Feminist critical friends: dilemmas of feminist engagement with governance and gender reform agendas

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Louise Chappell University of New South Wales, Australia

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Fiona Mackay University of Edinburgh, UK

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This article advances the concept of ‘feminist critical friends’ as a descriptor for those studying the efforts of ‘insider’ gender justice advocates working to transform governance structures and advance gender reform agendas within political, social, economic and military institutions. In refining the concept of feminist critical friendship, we reject perspectives that overstate the failures and ‘co-option’ that comes with engagement, while also resisting voluntarist versions that cede too much influence to feminist insiders. We pay attention to, and take seriously, the small wins that are achieved against the gendered, institutional and political odds, and recognise that sometimes, though not always, these can align to produce significant shifts in the gendered status quo. The article seeks to unpack the who, what, why and how of feminist critical friendship in order to advance this as a productive standpoint for feminist researchers interested in analysing processes of institutional stasis and change.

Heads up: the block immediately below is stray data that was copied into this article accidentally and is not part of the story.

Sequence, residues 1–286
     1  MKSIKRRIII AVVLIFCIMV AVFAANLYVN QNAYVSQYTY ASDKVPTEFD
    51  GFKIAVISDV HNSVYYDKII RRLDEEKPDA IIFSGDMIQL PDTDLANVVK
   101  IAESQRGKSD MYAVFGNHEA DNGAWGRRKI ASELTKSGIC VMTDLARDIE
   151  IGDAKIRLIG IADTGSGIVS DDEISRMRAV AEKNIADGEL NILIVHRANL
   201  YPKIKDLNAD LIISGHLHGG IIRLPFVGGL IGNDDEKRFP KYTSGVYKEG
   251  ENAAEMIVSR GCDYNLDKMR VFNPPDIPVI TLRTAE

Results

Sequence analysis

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Louise Chappell University of New South Wales, Australia

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Fiona Mackay University of Edinburgh, UK

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